What's difference between the following words:

"due to"


"on account of"


Our basement flooded due to the rain.
We rescheduled the concert on account of the rain.

There is (subtle) difference between those two sentences.

The rain actually caused the flooding of our basement. However, the rain did not physically influence the planning of the concert: we rescheduled it, not the rain.

In many cases, the difference will be so subtle that even native speakers may substitute one for the other.In general, though, I would advise to use on account of when an action or decision is influenced by something, and due to when something is caused by something.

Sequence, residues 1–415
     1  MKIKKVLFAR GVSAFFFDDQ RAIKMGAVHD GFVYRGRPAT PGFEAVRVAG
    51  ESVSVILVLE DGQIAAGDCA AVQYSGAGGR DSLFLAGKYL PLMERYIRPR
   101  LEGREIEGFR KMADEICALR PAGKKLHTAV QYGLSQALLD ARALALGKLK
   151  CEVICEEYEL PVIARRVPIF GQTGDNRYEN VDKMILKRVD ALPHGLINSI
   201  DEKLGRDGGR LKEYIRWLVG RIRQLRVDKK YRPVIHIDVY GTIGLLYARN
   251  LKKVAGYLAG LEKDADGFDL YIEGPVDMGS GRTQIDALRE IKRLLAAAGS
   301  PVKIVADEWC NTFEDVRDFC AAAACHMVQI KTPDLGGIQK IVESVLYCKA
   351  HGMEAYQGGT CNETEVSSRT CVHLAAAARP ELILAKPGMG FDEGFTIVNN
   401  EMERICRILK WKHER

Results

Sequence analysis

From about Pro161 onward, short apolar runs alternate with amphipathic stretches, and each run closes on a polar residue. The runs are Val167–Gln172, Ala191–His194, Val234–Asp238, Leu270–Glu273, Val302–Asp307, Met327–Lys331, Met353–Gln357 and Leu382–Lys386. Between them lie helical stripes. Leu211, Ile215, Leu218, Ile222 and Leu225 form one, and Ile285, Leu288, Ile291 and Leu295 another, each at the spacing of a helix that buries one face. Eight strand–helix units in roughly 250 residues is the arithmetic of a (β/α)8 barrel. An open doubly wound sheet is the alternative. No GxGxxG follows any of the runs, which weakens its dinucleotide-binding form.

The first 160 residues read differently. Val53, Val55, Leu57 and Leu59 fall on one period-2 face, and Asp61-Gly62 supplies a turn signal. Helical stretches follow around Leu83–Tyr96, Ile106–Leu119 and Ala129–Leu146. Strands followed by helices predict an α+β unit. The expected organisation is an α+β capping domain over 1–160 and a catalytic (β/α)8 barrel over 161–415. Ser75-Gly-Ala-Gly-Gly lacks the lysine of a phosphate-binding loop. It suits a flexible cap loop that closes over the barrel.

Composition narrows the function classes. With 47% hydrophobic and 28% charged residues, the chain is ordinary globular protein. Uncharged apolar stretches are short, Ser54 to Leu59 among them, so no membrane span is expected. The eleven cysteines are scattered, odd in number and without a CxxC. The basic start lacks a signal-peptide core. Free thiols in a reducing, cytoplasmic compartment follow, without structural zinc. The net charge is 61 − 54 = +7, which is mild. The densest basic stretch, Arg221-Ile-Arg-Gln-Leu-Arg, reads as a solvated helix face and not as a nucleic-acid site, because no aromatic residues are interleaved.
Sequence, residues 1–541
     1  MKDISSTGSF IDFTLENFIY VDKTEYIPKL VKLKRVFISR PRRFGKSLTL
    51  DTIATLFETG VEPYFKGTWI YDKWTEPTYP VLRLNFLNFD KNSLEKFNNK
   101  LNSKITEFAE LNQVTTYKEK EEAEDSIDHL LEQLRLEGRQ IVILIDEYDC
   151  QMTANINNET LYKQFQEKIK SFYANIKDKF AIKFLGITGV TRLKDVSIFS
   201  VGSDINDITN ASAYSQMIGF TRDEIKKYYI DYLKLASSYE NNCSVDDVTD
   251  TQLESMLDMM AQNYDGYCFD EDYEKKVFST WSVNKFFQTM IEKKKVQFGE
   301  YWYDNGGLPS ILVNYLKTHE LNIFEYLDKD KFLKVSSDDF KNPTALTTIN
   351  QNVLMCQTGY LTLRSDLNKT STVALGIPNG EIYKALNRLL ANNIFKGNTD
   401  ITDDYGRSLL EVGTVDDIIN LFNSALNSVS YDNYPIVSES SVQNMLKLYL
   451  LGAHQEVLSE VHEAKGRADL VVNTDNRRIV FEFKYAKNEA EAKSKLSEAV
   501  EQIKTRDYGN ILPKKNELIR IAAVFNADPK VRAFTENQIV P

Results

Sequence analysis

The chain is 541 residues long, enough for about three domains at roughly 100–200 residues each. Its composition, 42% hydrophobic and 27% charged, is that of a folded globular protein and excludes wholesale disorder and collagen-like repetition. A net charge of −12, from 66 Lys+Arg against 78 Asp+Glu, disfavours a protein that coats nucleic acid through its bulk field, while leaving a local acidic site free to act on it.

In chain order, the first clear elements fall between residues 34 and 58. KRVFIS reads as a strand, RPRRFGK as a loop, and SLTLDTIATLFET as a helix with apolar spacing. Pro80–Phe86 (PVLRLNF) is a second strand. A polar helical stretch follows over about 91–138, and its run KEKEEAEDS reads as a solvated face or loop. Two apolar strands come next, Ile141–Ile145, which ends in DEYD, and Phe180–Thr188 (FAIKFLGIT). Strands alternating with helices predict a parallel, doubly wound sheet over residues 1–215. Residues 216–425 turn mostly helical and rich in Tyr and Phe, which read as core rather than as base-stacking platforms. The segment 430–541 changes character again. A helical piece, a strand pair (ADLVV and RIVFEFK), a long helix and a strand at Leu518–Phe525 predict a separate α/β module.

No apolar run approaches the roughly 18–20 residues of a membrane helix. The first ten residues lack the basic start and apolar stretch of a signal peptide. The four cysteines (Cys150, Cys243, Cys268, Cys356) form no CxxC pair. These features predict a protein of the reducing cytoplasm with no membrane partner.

Broadly, they mean the same. Most of the dictionaries I searched on agree.

Because of = due to = on account of

However, the context matters. In most cases, you can interchange them keeping the structure of the sentence in mind.

Similar question is here.

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